Heartbleed internet bug will soon be a story of the past


Last week, the most deadly internet bug was discovered and this vulnerability shook the foundations of the Internet, but now you can start to breathe a little easier. But don’t chill back just yet.

Based on the Internet security firm Sucuri a blog post on Thursday, the company has done a systematic scan of the top million sites on the Internet as determined by Amazon’s Alexa, and according its CTO Daniel Cid, there’s mostly good news, but also some not so good news.

The Safe sites

The results show that the top 1000 sites on the Web are safe. (Check them out here Top 500 here.) These include sites you use on a daily basis like Google, Facebook, Youtube, Pinterest, Wikipedia, Twitter, LinkedIn and Bing. All have been modified, their certificates and keys recreated, and can be used, but you should probably change your passwords to be on a safer side.

On a brighter note, among the 10,000 sites, only 53 were found to still be vulnerable. Sucuri refuses to reveal who they are, though statistically speaking you stand a pretty good chance of not encountering a site that’s still vulnerable unless u visit the most weird sites.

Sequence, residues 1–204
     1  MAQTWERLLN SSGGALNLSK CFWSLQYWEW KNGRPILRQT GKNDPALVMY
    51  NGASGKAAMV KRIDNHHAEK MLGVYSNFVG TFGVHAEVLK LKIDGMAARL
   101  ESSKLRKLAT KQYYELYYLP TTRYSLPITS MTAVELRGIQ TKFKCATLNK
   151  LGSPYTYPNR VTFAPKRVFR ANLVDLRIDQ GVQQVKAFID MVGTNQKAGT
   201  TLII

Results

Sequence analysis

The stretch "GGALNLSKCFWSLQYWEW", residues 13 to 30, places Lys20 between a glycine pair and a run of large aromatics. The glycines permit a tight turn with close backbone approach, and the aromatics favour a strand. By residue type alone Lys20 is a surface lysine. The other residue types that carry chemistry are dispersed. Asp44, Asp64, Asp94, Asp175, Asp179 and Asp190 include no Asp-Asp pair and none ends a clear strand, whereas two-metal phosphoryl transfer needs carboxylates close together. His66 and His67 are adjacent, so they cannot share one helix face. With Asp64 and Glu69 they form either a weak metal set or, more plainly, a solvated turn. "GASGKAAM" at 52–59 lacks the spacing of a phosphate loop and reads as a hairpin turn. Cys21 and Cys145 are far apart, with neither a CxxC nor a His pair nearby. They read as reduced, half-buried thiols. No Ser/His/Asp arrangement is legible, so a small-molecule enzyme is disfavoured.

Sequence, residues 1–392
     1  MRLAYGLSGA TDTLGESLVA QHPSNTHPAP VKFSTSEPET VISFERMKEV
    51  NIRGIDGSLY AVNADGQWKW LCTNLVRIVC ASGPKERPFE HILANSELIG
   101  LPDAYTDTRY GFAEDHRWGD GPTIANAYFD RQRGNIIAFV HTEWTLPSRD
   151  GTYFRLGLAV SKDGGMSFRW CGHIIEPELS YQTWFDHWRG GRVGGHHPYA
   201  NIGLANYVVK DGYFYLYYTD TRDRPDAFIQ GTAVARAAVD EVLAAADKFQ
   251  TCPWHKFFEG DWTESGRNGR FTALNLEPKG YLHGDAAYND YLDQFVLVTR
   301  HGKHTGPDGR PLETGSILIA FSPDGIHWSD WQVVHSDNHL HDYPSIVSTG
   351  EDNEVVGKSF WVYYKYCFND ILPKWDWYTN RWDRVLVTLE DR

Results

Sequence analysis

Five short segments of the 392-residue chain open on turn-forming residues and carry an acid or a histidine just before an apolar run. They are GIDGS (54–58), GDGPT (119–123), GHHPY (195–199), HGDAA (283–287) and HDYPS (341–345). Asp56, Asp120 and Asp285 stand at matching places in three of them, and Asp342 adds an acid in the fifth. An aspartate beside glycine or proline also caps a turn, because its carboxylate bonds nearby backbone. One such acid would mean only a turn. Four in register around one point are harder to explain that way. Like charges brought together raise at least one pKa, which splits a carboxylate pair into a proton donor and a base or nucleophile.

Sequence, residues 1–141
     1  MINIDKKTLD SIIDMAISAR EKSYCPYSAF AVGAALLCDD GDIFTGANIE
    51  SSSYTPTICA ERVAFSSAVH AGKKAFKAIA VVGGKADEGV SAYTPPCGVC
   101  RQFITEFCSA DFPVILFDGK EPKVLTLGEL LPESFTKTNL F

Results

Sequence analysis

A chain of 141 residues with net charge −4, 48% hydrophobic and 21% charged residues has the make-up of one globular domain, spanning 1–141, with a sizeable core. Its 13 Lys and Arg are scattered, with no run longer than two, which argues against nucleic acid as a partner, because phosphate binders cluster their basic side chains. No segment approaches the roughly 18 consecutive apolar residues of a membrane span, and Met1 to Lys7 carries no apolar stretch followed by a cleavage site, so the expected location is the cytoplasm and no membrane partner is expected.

2% of the top 1 million sites are still unsafe

So now the bad news, the company says that many — about two percent — of the of top million sites are still vulnerable. That works out to more than 20,000 sites if you count in numbers. The principle is simple the more popular a site, the more likely it is to have been fixed. No culprits have been identified yet. Just to be on a safe side you can check on these things yourself, you using the  Heartbleed test site here to see if a site you use is fixed or not.

Where it all began

The Heartbleed bug emerged last week and it takes advantage of a flaw in OpenSSL, the security software used by about two-thirds of the sites on the Internet, and permits an attacker to randomly scoop up samplings of whatever data happens to be sitting in a computer’s memory. It can pick up  lots of data like user names and passwords or other sensitive data. Attackers can also use it to steal certificate keys for servers, and can pose as a legitimate server and trick users into giving up their user names and passwords.




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About The Author
Roger Bambino
The love for gadgets and technology is deeply rooted in his DNA, he is a blogger and really obsessed with cool devices. Roger is the EIC at Techjaja and also he loves creepy movies, and takes you very, very seriously. May be!!